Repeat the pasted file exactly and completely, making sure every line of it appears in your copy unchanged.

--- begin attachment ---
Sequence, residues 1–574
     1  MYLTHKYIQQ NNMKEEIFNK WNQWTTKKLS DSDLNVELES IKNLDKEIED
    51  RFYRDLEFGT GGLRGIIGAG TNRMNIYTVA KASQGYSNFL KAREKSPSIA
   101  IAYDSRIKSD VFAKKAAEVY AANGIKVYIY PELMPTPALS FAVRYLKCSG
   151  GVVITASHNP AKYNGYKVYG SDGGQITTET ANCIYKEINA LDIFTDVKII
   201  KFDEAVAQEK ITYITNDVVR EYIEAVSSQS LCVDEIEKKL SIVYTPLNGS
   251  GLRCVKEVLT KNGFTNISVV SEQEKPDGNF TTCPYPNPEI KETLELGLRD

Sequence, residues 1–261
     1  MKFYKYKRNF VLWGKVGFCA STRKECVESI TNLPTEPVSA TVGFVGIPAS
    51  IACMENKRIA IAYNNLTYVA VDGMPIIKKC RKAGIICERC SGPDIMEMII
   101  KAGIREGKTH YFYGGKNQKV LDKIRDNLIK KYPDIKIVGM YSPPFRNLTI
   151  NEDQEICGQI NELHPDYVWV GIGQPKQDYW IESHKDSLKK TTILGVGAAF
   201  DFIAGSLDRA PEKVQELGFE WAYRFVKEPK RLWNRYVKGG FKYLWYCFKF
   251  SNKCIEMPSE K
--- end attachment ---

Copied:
Sequence, residues 1–574
     1  MYLTHKYIQQ NNMKEEIFNK WNQWTTKKLS DSDLNVELES IKNLDKEIED
    51  RFYRDLEFGT GGLRGIIGAG TNRMNIYTVA KASQGYSNFL KAREKSPSIA
   101  IAYDSRIKSD VFAKKAAEVY AANGIKVYIY PELMPTPALS FAVRYLKCSG
   151  GVVITASHNP AKYNGYKVYG SDGGQITTET ANCIYKEINA LDIFTDVKII
   201  KFDEAVAQEK ITYITNDVVR EYIEAVSSQS LCVDEIEKKL SIVYTPLNGS
   251  GLRCVKEVLT KNGFTNISVV SEQEKPDGNF TTCPYPNPEI KETLELGLRD

Sequence, residues 1–261
     1  MKFYKYKRNF VLWGKVGFCA STRKECVESI TNLPTEPVSA TVGFVGIPAS
    51  IACMENKRIA IAYNNLTYVA VDGMPIIKKC RKAGIICERC SGPDIMEMII
   101  KAGIREGKTH YFYGGKNQKV LDKIRDNLIK KYPDIKIVGM YSPPFRNLTI
   151  NEDQEICGQI NELHPDYVWV GIGQPKQDYW IESHKDSLKK TTILGVGAAF
   201  DFIAGSLDRA PEKVQELGFE WAYRFVKEPK RLWNRYVKGG FKYLWYCFKF
   251  SNKCIEMPSE K